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Title: Kinetic and HPV infection effects on cross-type neutralizing antibody and avidity responses induced by Cervarix(®).
Authors: Kemp TJ,  Safaeian M,  Hildesheim A,  Pan Y,  Penrose KJ,  Porras C,  Schiller JT,  Lowy DR,  Herrero R,  Pinto LA
Journal: Vaccine
Date: 2012 Dec 17
Branches: HREB, IIB
PubMed ID: 23123024
PMC ID: PMC3527627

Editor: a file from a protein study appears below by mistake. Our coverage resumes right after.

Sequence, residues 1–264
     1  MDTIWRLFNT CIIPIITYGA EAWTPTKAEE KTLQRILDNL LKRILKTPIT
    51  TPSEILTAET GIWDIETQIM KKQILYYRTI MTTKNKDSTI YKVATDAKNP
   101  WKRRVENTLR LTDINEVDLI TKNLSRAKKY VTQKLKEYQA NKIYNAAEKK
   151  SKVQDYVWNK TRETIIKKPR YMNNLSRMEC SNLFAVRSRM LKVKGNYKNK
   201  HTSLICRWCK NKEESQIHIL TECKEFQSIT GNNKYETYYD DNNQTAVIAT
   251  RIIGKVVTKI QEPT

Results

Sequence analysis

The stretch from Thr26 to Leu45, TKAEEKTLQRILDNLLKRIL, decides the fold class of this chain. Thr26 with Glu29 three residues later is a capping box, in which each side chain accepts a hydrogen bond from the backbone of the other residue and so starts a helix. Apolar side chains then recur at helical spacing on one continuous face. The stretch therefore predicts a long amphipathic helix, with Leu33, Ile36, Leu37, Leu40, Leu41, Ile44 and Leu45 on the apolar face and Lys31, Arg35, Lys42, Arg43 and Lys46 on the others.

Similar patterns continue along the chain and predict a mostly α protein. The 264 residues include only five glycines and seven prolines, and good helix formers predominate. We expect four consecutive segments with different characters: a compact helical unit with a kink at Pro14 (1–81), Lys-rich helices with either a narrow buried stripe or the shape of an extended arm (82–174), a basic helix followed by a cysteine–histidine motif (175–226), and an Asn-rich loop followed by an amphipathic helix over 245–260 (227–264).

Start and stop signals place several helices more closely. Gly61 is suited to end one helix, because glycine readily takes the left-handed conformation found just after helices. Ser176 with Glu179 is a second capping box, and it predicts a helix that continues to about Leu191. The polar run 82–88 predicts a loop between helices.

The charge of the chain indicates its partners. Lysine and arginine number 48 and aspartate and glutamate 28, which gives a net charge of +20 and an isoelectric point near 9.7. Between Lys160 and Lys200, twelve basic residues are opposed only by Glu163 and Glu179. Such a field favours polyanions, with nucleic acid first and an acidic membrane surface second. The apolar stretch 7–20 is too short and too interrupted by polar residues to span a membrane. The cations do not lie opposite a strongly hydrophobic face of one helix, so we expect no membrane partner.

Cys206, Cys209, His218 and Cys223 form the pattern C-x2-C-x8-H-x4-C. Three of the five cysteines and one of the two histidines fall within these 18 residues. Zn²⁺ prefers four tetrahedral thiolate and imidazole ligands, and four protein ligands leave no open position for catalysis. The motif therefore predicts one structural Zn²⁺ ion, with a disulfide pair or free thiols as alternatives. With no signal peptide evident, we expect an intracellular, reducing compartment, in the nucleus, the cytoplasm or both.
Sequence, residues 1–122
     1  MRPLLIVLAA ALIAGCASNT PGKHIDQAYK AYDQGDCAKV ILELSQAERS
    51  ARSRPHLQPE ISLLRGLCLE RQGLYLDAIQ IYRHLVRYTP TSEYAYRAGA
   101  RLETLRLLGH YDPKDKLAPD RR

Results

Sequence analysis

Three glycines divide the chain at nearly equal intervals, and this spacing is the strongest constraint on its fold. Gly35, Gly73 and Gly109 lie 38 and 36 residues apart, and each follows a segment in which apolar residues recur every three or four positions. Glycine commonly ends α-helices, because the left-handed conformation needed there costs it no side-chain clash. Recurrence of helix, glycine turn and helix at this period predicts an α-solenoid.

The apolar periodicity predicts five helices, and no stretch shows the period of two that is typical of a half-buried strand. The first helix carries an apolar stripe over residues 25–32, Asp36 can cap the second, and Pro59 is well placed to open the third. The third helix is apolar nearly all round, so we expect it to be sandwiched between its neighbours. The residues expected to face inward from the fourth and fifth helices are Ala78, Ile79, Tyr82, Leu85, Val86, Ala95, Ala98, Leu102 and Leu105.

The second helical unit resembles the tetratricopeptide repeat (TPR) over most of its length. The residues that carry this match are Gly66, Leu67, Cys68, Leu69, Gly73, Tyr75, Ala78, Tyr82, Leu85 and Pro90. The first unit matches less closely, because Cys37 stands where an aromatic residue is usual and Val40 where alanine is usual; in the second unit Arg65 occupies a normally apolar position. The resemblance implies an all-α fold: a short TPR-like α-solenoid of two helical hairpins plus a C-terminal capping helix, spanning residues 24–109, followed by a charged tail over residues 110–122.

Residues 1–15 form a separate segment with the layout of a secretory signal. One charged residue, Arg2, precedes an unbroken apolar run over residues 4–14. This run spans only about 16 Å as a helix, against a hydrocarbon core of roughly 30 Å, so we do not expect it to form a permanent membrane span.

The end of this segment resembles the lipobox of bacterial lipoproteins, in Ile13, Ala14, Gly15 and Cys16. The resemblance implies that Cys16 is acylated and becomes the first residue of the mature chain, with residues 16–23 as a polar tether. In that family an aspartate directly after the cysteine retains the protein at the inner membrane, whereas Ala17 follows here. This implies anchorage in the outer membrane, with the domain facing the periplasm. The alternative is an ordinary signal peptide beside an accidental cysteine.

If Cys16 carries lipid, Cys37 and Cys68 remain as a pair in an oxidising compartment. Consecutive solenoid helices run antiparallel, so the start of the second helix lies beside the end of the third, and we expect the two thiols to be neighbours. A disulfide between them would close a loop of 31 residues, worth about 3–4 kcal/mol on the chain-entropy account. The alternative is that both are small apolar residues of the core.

Abstract: BACKGROUND: We previously demonstrated that Cervarix(®) elicits antibody responses against vaccine-related types for which clinical efficacy was demonstrated (HPV-31 and -45). Here, we evaluated the kinetics of neutralization titers and avidity of Cervarix(®)-induced antibodies up to 36 months of follow-up in unexposed and HPV infected women. METHODS: A subset of women who participated in the Cost Rica HPV-16/18 Vaccine Trial had pre- and post-vaccination sera tested for antibody responses to HPV-16, -18, -31, -45, and -58 using a pseudovirion-based neutralization assay, and HPV-16 antibody avidity using an HPV-16 L1 VLP (virus-like particle)-based ELISA developed in our laboratory. RESULTS: In uninfected women, neutralizing antibody titers did not reach significance until after the 3rd dose for HPV-31 (month 12, p=0.009) and HPV-45 (month 12, p=0.003), but then persisted up to month 36 (HPV-31, p=0.01; HPV-45, p=0.002). Individuals infected with HPV-16 or HPV-31 at enrollment developed a significantly higher median antibody response to the corresponding HPV type after one dose, but there was not a difference between median titers after three doses compared to the HPV negative group. Median HPV-16 antibody avidity and titer increased over time up to month 12; however, the HPV-16 avidity did not correlate well with HPV-16 neutralizing antibody titers at each time point examined, except for month 6. The median avidity levels were higher in HPV-16 infected women at month 1 (p=0.04) and lower in HPV-16 infected women at month 12 (p=0.006) compared to the HPV negative women. CONCLUSIONS: The persistence of cross-neutralization titers at month 36 suggests cross-reactive antibody responses are likely to persist long-term and are not influenced by infection status at enrollment. However, the weak correlation between avidity and neutralization titers emphasizes the need for examining avidity in efficacy studies to determine if high avidity antibodies play a critical role in protection against infection.